Friday 27 March 2015

The Prisoner - Many Happy Returns

Episode 7: Many Happy Returns

First ITV broadcast: Friday 10th November 1967, 7.30pm [ATV Midlands/Grampian]
Estimated first run ratings: 10.3 million
First CBS broadcast: Saturday 20th July 1968, 7.30pm

This episode goes for over 20 minutes without a single English word being spoken on screen. The episode is over half way through before we get a conversation in English. You would think that this could make some of the episode seem dull but it doesn't at all. The writing (Anthony Skene) and the directing (Patrick McGoohan under the pseudonym Joseph Serf) are both fantastic for keeping the story interesting in a very different sort of episode. The ending is particularly wonderful.

Number Six wakes up to find the Village deserted. There is an eerie silence and the grey weather outside casts a darkness over the Village. This complete silence is very strange for a place where usually the speakers and radios are continually blaring out a happy voice or upbeat music. Number Six takes an abandoned taxi to Number Two's house, where the door is open and no one is home. He drives to the edge of the Village and looks out at miles of mountains. Number Six can leave! But it is going to have to be by sea. He begins preparations for his voyage, which includes photographing the Village and building a boat/raft. There is a boat in the harbour but presumably it is no good for sailing else villagers could have taken off in it at any time.

Number Six - The Sailor!
In previous episodes we have already seen that Number Six can shoot, fence, box, create impressive woodwork, as well as several other things. Here we see his woodwork skills again as he uses trees, rope and empty oil barrels to build his vessel. Once he sets off he uses parts from a radio to make a compass. This guy has survival skills down to a tee and was probably a scout.

During his journey Number Six gets in a fight with some gunrunners before eventually swimming ashore and waking up on a beach. He finds some gypsies who, despite speaking no word of English, manage to point him in the direction of a road. We see a British policeman at the edge of the road and then a roadblock. Number Six climbs in the back of what looks like a horse van and later, upon hearing sirens, leaps up and dives out the back into the middle of a London road. In reality, he would probably have been immediately hit by a black cab. We know it's London because a double decker red bus goes past, with an advert for Typhoo tea on the side. An Odeon cinema can be seen in the background. We also see Wellington Arch. These are rather odd choices to indicate Number Six's arrival in London. I did recognise Wellington Arch, but I had to look up the name. Personally I would have liked a shot of the Clock Tower and Big Ben, a black cab and a telephone box. If they are trying to say he is in London, why not just go all out? Wellington Arch is hardly the most recognisable of landmarks and certainly wouldn't have been for viewers overseas.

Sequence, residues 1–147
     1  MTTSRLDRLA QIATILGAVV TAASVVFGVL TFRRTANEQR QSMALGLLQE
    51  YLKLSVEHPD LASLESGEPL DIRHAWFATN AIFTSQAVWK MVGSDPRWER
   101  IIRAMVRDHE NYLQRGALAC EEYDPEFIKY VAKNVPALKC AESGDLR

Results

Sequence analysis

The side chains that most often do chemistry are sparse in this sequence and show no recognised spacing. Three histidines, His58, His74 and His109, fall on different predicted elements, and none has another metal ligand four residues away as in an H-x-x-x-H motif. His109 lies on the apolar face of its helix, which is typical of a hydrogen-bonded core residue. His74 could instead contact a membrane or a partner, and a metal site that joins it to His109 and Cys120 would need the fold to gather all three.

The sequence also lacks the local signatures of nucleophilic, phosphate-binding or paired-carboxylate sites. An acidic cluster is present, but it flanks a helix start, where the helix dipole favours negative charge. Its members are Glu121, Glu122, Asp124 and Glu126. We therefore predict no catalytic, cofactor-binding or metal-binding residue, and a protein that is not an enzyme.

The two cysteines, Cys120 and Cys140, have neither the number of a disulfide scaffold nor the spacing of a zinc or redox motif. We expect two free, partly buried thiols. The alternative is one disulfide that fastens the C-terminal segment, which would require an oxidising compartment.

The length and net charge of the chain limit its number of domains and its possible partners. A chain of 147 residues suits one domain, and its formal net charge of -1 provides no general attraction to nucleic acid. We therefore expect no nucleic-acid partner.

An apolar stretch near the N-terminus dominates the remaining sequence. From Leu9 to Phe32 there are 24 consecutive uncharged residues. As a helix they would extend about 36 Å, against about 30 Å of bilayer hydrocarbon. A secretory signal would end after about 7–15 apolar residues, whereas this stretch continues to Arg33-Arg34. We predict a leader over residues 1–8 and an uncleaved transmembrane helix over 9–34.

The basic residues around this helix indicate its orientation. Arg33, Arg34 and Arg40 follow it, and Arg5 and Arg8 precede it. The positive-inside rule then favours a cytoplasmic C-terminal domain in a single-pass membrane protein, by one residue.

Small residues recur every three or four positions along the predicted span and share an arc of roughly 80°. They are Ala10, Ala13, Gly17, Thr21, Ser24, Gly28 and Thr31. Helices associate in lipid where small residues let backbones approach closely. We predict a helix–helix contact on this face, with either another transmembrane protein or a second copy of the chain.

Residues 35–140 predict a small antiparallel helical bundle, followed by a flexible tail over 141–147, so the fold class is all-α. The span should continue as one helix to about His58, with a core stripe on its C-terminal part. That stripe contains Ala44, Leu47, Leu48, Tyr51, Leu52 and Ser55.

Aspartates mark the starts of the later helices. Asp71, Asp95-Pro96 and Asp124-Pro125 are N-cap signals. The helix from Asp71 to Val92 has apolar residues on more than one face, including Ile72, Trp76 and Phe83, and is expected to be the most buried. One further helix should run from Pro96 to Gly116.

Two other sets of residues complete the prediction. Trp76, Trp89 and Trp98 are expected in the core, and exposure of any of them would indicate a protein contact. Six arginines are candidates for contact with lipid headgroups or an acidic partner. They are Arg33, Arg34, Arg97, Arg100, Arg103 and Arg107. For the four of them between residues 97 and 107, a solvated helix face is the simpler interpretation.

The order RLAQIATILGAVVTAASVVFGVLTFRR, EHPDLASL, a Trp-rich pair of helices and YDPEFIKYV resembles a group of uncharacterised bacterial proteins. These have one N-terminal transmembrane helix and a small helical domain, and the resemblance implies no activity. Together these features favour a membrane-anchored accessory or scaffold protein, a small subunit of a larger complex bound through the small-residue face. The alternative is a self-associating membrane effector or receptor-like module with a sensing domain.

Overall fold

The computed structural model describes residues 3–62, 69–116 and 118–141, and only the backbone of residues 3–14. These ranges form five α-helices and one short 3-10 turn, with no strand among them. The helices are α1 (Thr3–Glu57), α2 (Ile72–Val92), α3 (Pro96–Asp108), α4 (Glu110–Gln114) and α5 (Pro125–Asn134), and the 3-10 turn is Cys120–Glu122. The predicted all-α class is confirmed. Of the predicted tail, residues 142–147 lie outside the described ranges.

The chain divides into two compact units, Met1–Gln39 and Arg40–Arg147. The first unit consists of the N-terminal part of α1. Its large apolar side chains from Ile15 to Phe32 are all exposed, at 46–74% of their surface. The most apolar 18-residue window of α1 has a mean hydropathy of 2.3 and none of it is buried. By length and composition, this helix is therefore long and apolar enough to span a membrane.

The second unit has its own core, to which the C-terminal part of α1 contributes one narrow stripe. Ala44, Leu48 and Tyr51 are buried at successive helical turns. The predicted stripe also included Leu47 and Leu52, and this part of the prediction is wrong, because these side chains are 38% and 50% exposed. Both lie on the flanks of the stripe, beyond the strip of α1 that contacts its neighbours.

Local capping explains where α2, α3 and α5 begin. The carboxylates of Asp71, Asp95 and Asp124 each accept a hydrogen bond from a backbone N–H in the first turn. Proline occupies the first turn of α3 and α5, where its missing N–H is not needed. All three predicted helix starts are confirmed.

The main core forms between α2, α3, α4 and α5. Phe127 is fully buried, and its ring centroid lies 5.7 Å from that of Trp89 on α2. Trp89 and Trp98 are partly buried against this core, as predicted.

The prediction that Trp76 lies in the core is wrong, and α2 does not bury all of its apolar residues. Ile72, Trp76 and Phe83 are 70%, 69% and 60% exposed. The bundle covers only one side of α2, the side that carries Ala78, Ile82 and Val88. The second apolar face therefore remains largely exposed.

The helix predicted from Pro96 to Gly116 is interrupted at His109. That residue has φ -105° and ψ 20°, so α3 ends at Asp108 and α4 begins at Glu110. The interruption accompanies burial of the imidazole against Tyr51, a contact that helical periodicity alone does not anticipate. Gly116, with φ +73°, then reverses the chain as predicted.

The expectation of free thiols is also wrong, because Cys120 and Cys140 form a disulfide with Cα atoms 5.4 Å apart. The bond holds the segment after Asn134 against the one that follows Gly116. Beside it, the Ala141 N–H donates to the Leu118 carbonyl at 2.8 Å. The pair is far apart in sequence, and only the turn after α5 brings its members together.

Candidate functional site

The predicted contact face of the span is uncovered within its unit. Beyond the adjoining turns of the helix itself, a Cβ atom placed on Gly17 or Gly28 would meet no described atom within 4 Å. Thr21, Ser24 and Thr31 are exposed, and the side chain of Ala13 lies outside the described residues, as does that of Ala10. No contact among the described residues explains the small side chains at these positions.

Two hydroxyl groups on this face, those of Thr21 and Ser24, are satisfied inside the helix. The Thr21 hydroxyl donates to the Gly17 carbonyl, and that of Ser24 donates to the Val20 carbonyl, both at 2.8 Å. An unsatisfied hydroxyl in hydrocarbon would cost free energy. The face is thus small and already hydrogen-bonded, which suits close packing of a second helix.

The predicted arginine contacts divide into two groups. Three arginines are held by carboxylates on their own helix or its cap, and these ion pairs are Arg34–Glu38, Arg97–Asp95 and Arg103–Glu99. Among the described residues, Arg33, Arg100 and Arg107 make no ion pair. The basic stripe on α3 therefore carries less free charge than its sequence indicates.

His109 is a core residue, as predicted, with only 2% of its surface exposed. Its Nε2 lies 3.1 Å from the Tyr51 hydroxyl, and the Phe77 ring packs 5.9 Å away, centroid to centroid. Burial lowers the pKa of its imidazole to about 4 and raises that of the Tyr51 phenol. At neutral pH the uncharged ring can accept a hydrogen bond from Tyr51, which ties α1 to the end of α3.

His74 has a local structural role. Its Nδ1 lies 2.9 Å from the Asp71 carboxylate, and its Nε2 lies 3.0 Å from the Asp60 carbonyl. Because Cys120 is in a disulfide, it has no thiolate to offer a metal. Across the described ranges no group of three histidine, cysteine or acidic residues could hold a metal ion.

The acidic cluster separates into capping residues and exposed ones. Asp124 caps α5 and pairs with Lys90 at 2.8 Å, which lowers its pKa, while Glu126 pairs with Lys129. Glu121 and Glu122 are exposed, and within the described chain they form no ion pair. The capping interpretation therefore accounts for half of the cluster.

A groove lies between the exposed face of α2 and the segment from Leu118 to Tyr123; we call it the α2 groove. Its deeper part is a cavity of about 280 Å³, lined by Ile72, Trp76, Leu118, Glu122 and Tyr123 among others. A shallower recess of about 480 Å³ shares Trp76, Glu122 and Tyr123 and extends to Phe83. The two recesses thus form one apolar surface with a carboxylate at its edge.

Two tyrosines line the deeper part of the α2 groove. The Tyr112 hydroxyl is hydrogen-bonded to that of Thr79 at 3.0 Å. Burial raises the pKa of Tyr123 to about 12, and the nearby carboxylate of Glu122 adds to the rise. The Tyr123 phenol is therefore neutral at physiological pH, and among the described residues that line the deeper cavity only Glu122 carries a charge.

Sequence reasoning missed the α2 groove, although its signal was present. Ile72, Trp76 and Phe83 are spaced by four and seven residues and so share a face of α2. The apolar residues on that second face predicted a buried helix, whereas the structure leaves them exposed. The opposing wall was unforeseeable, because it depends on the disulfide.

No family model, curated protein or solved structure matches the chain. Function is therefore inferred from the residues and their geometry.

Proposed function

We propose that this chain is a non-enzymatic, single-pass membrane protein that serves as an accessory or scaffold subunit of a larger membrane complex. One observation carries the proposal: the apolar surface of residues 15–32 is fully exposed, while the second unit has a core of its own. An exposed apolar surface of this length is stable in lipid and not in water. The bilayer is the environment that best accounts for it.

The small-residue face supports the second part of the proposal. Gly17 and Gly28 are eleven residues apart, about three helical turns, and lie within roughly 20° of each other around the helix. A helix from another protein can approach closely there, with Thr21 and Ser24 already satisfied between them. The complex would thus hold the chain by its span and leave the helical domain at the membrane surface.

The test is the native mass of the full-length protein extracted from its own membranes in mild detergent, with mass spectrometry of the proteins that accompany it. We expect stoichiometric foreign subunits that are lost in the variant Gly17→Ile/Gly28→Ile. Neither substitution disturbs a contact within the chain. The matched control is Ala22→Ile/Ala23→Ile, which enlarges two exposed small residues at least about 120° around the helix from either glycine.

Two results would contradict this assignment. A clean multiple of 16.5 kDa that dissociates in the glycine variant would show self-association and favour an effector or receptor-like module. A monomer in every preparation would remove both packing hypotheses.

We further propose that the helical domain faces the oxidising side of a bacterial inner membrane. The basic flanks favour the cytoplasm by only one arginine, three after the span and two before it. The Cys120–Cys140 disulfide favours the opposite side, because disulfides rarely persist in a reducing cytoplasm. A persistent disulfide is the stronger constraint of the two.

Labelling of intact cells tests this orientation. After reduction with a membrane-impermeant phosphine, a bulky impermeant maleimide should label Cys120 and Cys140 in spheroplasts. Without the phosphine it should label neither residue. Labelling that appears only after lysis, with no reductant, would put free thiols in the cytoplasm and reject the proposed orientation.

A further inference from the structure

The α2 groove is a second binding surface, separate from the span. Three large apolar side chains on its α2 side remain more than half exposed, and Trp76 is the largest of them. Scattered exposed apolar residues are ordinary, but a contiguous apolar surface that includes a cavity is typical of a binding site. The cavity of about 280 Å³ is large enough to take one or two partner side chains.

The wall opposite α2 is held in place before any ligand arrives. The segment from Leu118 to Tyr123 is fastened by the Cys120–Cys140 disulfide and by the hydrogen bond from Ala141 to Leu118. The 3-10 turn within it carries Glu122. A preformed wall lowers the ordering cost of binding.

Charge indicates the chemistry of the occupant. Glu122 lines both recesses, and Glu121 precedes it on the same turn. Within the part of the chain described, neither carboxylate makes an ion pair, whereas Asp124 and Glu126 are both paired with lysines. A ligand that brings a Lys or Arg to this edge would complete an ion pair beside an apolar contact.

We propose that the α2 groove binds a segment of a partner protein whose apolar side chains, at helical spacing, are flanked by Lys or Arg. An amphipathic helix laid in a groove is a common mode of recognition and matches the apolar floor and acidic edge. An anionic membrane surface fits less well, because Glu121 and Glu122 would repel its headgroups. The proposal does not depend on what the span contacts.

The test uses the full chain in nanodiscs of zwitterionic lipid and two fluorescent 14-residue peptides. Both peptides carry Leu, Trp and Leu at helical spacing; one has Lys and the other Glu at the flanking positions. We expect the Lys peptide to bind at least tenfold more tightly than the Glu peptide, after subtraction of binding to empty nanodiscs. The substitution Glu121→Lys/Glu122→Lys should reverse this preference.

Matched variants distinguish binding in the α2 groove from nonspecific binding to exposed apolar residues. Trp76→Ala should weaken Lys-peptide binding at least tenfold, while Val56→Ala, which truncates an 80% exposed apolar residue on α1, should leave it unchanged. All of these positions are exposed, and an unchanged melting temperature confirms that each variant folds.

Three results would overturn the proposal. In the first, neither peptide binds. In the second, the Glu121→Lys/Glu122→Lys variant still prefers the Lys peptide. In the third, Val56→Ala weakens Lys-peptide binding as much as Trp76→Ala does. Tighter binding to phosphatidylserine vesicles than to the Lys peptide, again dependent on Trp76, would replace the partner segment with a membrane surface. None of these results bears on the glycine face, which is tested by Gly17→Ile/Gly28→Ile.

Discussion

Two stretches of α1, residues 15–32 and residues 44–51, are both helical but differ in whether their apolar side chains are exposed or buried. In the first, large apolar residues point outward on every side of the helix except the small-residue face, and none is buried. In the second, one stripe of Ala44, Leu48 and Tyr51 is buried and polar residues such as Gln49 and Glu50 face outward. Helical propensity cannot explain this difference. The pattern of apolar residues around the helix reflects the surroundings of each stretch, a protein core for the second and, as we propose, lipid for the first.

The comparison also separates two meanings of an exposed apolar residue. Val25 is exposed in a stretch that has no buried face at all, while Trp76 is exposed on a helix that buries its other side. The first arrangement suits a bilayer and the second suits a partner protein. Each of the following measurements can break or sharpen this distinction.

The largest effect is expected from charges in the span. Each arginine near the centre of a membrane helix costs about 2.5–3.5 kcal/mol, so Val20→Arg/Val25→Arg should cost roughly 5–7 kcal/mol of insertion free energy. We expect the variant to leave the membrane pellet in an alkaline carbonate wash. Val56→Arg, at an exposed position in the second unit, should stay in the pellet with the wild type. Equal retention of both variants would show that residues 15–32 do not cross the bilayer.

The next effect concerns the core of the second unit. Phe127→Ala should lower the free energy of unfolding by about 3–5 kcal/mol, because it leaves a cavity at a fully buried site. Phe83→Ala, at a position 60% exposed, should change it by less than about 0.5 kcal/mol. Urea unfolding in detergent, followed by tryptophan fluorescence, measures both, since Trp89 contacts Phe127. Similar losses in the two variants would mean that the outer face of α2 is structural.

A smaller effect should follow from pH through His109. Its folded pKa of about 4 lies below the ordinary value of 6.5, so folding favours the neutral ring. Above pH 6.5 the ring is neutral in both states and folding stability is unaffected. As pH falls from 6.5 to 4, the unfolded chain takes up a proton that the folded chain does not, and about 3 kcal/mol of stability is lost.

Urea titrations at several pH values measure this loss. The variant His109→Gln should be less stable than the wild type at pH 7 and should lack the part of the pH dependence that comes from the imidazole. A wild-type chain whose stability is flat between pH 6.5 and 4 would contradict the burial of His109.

Wellington Arch. A recognisable London landmark?
Number Six walks to his house, 1 Buckingham Place, as seen in the opening credits. He knocks and a maid (Grace Arnold) answers the door, something I found very odd! She's dressed in an old-fashioned black and white maid's uniform. I am aware that people did, and do, still have housekeepers, but I didn't think any domestic help would still be wearing such an old-style of clothes. Shortly afterwards the house's new owner, Ms Butterworth (Georgina Cookson), arrives in Number Six's old car. She looks Number Six up and down: "Terribly interesting." He is not happy to see someone else driving his Lotus 7 and tells her "I know every nut and bolt and cog; I built it with my own hands." "Then you're just the man I want to see." She says the car has been overheating in traffic and invites him in.

He asks her the date. "Saturday March 18th." "Tomorrow's my birthday." Number Six then proceeds to scoff Ms Butterworth's sandwiches and a fruit cake. He finds nothing to tell him anything at the house and leaves. Ms Butterworth insists he can change into some of her husband's old clothes and lets him borrow the car. "Don't forget to come back!" "I'll be back!" "I might even bake you a birthday cake!"

Rather dapper in his borrowed suit.
Number Six meets with two men who are either his former employers or colleagues. He shows them the photographs he took and a diary he wrote on the back of the Tally Ho during his voyage. "The evidence is there." Thorpe (Patrick Cargill) is not convinced. "A set of photographs from ground level of a holiday resort. And a schoolboy navigational log on the back of what you call the village newspaper." His objections are not unreasonable. He later adds "You resign. You disappear. You return. You spin a yarn that Hans Christian Anderson would reject for a fairy tale." The Colonel (Donald Sinden) feels the same and his comments reflect the political situation at the time. "And we must be sure. People defect. An unhappy thought but a fact of life. They defect from one side to the other." Then Number Six adds his thoughts "I also have a problem; I'm not sure which side runs this village."

I also have a problem. As far as I was concerned, the question of who runs the Village was made more or less clear in 'The Chimes of Big Ben'. If Number Six's superiors do not run the Village then they are at least happy to have him there. So why does he go to them in 'Many Happy Returns'?

Number Six, the Colonel, Thorpe. Can Number Six trust them?